A new 3D map of the universe has been released this week by researchers, showing data recorded over the past decade to measure and log the universe’s expansion over time.
A team of scientists comprising of hundreds from the Baryon Oscillation Spectroscopic Survey (BOSS). A program from the Sloan Digital Sky Survey III, that measures the expansion of the universe over time, have pooled their resources and data to create the new 3D universe map which includes over 1.2 million galaxies.
The latest map of the universe spans 650 cubic billion light-years, which equates to roughly a quarter of the sky. Jeremy Tinker of New York University, and co-leader of the scientific team that created the latest map of the Universe explains :
We have spent a decade collecting measurements of 1.2 million galaxies over one quarter of the sky to map out the structure of the Universe over a volume of 650 cubic billion light years. This map has allowed us to make the best measurements yet of the effects of dark energy in the expansion of the Universe. We are making our results and map available to the world.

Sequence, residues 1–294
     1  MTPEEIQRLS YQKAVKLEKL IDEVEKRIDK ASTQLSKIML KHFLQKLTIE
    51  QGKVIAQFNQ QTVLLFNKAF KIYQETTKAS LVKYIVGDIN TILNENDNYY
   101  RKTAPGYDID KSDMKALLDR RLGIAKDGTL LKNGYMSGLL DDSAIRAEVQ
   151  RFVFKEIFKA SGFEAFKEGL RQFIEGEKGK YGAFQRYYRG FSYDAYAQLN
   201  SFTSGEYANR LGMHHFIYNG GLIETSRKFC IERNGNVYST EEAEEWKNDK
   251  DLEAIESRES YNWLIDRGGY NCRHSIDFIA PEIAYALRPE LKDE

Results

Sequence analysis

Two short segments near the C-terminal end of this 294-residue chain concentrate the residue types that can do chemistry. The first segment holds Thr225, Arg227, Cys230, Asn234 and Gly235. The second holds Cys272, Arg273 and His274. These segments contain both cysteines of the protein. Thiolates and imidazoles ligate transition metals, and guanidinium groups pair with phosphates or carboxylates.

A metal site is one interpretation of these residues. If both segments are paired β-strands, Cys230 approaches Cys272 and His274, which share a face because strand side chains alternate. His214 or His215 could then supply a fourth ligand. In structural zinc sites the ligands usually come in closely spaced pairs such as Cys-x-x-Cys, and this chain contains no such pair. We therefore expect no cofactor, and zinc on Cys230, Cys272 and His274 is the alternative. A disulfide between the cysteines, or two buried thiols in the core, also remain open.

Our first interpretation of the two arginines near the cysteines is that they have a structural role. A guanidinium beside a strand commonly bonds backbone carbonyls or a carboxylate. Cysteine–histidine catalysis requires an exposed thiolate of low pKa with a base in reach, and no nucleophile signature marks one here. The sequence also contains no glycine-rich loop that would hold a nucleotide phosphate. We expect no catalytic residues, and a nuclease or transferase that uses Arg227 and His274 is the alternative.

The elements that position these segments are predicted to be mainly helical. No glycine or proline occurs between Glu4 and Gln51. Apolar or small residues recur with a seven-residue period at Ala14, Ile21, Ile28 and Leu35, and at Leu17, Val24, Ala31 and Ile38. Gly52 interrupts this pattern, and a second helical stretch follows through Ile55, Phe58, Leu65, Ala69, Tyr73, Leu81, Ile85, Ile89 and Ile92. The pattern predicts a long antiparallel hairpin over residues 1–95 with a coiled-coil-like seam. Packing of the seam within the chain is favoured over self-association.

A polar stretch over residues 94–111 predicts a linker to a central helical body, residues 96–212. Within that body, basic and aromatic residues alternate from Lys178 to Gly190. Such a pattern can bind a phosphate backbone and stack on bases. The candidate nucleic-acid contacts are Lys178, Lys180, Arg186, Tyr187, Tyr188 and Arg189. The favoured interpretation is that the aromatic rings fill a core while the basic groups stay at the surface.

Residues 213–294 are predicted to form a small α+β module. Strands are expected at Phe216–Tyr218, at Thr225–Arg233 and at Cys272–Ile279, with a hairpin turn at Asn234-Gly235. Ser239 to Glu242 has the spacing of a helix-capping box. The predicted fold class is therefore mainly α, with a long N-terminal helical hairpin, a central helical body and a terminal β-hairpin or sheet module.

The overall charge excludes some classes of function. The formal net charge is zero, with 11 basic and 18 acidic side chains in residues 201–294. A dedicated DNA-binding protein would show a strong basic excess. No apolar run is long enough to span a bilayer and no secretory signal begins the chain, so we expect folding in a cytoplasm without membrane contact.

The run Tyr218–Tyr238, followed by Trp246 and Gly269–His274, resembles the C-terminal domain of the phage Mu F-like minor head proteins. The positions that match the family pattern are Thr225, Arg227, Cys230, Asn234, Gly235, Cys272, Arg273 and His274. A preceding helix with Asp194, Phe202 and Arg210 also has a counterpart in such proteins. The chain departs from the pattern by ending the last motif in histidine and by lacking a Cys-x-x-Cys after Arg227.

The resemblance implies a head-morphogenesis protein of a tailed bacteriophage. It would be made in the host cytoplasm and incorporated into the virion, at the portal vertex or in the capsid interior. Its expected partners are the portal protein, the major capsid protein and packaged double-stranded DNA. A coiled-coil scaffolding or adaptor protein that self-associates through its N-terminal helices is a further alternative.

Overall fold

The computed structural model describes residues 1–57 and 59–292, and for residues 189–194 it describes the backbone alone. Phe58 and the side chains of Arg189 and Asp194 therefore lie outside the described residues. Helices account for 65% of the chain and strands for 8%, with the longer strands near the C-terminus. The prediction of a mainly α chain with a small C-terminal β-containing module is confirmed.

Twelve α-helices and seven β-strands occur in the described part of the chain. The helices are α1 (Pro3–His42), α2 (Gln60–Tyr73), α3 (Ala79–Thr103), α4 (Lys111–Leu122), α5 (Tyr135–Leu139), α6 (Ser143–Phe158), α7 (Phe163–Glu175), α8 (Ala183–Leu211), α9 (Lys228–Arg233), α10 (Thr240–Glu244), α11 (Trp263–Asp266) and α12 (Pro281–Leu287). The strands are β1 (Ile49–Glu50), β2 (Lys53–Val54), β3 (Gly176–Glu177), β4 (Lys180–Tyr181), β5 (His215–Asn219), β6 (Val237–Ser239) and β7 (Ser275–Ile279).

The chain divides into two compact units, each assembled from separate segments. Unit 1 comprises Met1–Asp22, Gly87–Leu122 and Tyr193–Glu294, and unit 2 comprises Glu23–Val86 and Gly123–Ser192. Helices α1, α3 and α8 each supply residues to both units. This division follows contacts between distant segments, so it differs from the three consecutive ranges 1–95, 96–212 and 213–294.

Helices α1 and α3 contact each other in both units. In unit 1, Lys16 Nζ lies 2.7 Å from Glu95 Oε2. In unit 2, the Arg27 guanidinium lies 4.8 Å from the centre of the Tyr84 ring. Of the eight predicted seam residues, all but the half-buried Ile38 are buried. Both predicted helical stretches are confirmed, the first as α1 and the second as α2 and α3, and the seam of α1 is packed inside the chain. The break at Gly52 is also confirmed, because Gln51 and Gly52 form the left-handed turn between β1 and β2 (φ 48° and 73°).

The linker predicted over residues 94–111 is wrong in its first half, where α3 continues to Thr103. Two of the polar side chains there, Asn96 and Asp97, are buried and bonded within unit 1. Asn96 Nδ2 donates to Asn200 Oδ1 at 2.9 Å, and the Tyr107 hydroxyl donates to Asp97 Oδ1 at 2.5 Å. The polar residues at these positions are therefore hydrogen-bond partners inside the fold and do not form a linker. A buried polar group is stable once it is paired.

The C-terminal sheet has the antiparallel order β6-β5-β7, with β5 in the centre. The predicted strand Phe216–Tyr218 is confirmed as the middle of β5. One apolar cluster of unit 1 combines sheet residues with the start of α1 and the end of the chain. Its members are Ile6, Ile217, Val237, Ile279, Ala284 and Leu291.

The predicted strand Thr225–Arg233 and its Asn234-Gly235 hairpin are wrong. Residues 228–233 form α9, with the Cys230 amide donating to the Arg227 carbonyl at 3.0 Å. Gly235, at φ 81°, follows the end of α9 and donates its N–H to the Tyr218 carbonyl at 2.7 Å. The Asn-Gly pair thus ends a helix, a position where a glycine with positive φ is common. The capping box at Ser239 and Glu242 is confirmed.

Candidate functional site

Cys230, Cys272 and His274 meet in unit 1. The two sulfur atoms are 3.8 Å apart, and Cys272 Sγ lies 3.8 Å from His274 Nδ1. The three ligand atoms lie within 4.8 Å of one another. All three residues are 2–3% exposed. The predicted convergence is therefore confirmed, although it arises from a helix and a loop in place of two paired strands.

Ariel Sanchez of the Max-Planck Institute of Extraterrestrial Physics explains :
Measuring the acoustic scale across cosmic history gives a direct ruler with which to measure the Universe’s expansion rate. With BOSS, we have traced the BAO’s subtle imprint on the distribution of galaxies spanning a range of time from 2 to 7 billion years ago.
For more information on the new 3D map of the Universe jump over to the SDSS website for details by following the link below.